GOOD MORNING! As the United States slowly begins to reopen from the closures and lockdowns of 2020, it is time to reflect on what we, as individuals, have learned from this experience. Of course, people were impacted in different ways; some suffered terribly while others actually prospered, and most people fell somewhere in between.

But there is one common experience that was shared by practically all – each person spent a LOT more time with themselves. Some found this exhilarating, while others found it quite trying. However, it is now time to take stock of what we learned about ourselves and begin to answer the most important question: Where do we go from here?

In a previous issue, I mentioned that when most people assess themselves and their personal relationships they focus primarily on two areas: their relationship with God and their relationships with others (friends, family, neighbors, etc.).

But there is a key relationship that people intentionally ignore – their relationship with themselves. The reason for this is that most people are afraid to confront the difficult questions that must be answered when assessing this relationship. Do I respect myself? Do I love myself? Can I trust myself? Do I even like myself (which is a very different question than do I love myself)?

Of course, many factors contribute to our complex self-relationship, but at the most basic level we need to have a clear vision of how we perceive ourselves. Unfortunately, self-image is often clouded or colored by experiences in our lives that were outside of our control.

For example: A distant or difficult parent may have given us the impression that we are not really worthy of love. A hypercritical (or just plain mean) teacher may have left us feeling that we are unintelligent or incompetent. Self-absorbed and narcissistic friends may have made us feel unattractive or incapable of maintaining a healthy friendship.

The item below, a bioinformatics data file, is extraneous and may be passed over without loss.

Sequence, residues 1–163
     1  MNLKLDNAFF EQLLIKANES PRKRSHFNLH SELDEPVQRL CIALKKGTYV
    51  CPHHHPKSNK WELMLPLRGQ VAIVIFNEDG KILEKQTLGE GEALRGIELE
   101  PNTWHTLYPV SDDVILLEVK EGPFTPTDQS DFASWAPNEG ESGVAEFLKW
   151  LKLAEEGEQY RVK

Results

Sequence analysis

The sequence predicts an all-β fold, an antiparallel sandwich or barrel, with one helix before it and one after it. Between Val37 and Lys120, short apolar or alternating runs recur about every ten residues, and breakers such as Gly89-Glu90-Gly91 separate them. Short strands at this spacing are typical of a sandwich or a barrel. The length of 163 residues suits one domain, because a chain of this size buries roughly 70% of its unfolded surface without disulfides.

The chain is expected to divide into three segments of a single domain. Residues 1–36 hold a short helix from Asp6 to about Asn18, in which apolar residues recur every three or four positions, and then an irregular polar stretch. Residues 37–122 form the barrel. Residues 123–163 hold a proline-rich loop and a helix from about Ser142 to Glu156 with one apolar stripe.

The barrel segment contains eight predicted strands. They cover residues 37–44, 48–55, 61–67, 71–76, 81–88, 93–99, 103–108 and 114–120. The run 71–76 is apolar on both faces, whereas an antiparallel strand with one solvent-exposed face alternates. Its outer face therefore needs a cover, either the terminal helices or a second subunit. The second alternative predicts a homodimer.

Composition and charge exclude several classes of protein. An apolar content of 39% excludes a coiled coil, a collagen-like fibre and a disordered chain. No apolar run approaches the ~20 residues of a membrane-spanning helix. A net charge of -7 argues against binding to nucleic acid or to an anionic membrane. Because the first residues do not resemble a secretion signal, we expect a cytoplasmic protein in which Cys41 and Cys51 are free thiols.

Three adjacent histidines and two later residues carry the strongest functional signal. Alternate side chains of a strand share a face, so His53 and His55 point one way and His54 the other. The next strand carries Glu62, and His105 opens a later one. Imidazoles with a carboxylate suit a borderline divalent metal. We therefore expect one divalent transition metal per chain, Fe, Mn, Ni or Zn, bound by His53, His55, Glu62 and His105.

On the other hand, a loving parent can give us the gift of understanding and ingrain in us the knowledge that we are worthy of love. An empowering teacher can confer a lifetime of self-esteem, and healthy friendships can teach us much about being trustworthy and loyal.

Most people live their entire lives with their self-image determined by other people’s actions and perceptions of who they are. But this is a terrible mistake.

One of the greatest sages of the Talmud was known simply as “Rav” (“master”). The Talmud quotes a fascinating teaching from him: “Rav explained the following verse, ‘Hashem will remove all illness from you’ (Devarim 7:15) as a reference to the ‘evil eye,’ which is the source of most illness” (Bava Metzia 107b).

For thousands of years Jews have been concerned with “ayin hora – the evil eye.” Jewish law even maintains specific customs that are meant to avoid falling victim to ayin hora. Nowadays, many have adopted thoroughly meaningless practices to ward off ayin hora (perhaps the most ubiquitous is the practice of wearing a red string on one’s wrist).